The downbeat of the first measure is A, and the chord is A minor, which has the notes A, C, and E. My first chord roll was lowG, B, G, so the parallel would be lowA, C, and A. However, I don’t have a duplicate C on the right treble bridge, so I would either have to use an awkward hammering pattern or else choose different chord roll notes. I’ll just change the middle note to E, so my roll will be lowA, E, A.
This chord roll, combined with the previous two-note “chords,” creates a little walking bass line: D, B, A. Part of thinking about phrasing is thinking about how phrases work together like this.
The last two notes of the second measure are both the same D. The chord changes to D, which has the notes D, F#, and A. The previous two-note “chords” were D and B for G melody notes, so the parallel for these D melody notes would be A and F#.
Decision 4: Practicing and evaluating the first phrase. I’m going to go try it on the dulcimer. I’ll play the first phrase first, so I can see how the second phrase fits. To the dulcimer; hang on…
Decision 5: Revising after practice and evaluation. I like it, so I don’t change anything.
Decision 6: Looking ahead. While at the dulcimer, I ventured ahead a little bit. Even though I may concentrate on one phrase at a time, I often consider compatibility with both the previous and the next phrase, too. My choices in the current phrase can influence what I choose for the next, or my thoughts about the next phrase may influence what I choose for the current one. In this case, I looked for a third phrase idea that would fit with what I chose for this second phrase, found something, and therefore confirmed my choice.
The third phrase
Decision 1: Selecting the next phrase. I’ll just continue the pattern; the next phrase will be two measures plus the pickup note, the final D in the ending measure of the previous phrase.
Decision 2: Writing it all down so far. It’s been a few days since I wrote about the second phrase. Fortunately, I have these pages to remind me what I decided. Normally, I would play a phrase or section over and over, take a break, do it again, to get it into my hands and ears and eyes. Then, or instead, I’d also write it down in standard music notation. If you don’t read music, use a tape recorder, or learn a tablature system, or learn to read music. I use NoteWorthy Composer, a relatively cheap notation program. I like using a program because it’s easier for me than writing out music by hand, and because I can get the program to play it back for me.
Decision 3: Choosing embellishments and notes for them. In the first two parts of this lesson I tried to write through my decision-making one little step at a time. Usually, though, I make several decisions almost at once. While I was in the notation program writing out what I’ve chosen so far, I went ahead and wrote out some ideas for the third phrase, adjusting here and there as I went along. I’ll try to list what all happened.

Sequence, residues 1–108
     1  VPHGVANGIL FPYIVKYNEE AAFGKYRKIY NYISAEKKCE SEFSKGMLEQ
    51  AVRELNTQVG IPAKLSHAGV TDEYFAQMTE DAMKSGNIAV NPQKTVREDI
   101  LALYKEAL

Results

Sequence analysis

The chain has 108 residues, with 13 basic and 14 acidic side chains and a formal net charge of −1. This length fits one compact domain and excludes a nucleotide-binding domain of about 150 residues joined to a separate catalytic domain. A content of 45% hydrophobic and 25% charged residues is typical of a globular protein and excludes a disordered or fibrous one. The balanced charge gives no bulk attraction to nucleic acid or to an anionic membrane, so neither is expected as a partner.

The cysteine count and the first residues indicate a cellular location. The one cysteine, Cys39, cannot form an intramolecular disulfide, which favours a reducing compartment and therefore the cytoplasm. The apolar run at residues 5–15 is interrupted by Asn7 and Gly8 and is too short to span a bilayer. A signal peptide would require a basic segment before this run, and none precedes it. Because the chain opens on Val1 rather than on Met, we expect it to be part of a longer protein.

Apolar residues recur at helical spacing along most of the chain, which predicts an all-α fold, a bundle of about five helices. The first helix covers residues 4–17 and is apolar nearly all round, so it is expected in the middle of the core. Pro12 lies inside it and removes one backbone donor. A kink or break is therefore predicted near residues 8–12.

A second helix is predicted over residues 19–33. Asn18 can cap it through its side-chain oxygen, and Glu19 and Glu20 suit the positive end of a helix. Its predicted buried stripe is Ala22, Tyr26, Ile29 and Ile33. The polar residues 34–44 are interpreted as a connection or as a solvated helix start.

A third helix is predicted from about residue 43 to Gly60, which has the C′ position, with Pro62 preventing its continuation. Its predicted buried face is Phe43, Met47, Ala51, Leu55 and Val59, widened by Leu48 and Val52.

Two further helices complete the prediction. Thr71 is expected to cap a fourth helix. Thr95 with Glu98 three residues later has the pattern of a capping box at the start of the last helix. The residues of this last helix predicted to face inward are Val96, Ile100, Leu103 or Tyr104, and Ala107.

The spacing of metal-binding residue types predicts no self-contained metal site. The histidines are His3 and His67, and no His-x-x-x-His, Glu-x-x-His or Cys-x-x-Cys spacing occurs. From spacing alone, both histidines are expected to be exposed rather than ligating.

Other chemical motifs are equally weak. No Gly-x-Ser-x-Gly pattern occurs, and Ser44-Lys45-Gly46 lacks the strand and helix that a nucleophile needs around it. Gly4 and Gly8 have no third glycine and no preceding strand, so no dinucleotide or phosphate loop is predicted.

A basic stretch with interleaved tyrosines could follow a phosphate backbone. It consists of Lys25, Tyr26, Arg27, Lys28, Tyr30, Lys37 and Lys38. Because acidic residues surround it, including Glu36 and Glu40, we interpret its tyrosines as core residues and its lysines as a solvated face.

- The phrase starts with a G chord. I’ll do a chord roll to begin with, for the sake of continuity with previous phrases. But add a little contrast — make it lowG, B, G instead of the lowG, D, G I did before.
- I didn’t like how the next run sounded after that roll, but instead of changing the roll I added a D to the B at the beginning of the run to make a two-note “chord.” This has the added benefit of bringing a little more contrast, so the third phrase isn’t exactly like the first two. This time it’s a contrast in rhythm, because my two-note “chord” comes early.
- Great — that works with what I want to do in the next measure — two-note “chords” on the first two beats instead of the last two beats. It’s a C chord here, so I’ll play a C with the E melody note and a lowG with the C melody note.
- There’s only a little bit left in the A part of the tune, so I’ll keep going. The next measure has a D chord. I’ll do a two-note “chord” to start with, adding an A to the melody note D.
- The last measure has a G chord. I thought I’d end with a lowG, D, G chord roll but I don’t like the previous measure going so long with just the one two-note “chord” at the beginning. So I’ll do an ornament I haven’t talked about yet: a turn. (I’m using the term loosely, to mean any short sequence of notes that dances around the melody note.) The ending phrase goes / D G F# / G. My turn will dance around the first G, so that I now have / D GAGF# / G.
Decision 4: Looking ahead. That gives me an idea. I’ll look for ways I can use a turn or three in the repeat of the A part, so that it’s not exactly the same as the first repeat.
Decision 5: Evaluating. When I arrange in the notation program, the playback feature lets me do a lot of evaluating and adjusting right there. Still, it’s a good idea to go try it on the dulcimer because it’ll sound different. Hang on…
Decision 6: Revising. I decided I liked the run just fine without the two-note “chord.” And I removed the second two-note “chord” from the next measure, and instead of a roll to end with, I just end with an octave two-note “chord,” lowG and G. And in addition to a turn or two, I think I hear an arpeggio and some other fills coming up in the repeat.
Take a look and a listen to what we’ve got so far.
I wrote lessons 1-5 first, then worked on lesson 6, thinking eventually I’d get through the whole tune. Just writing out every little thought about the first three phrases was exhausting — I don’t think I can work through the rest. I hope this little taste is at least somewhat helpful.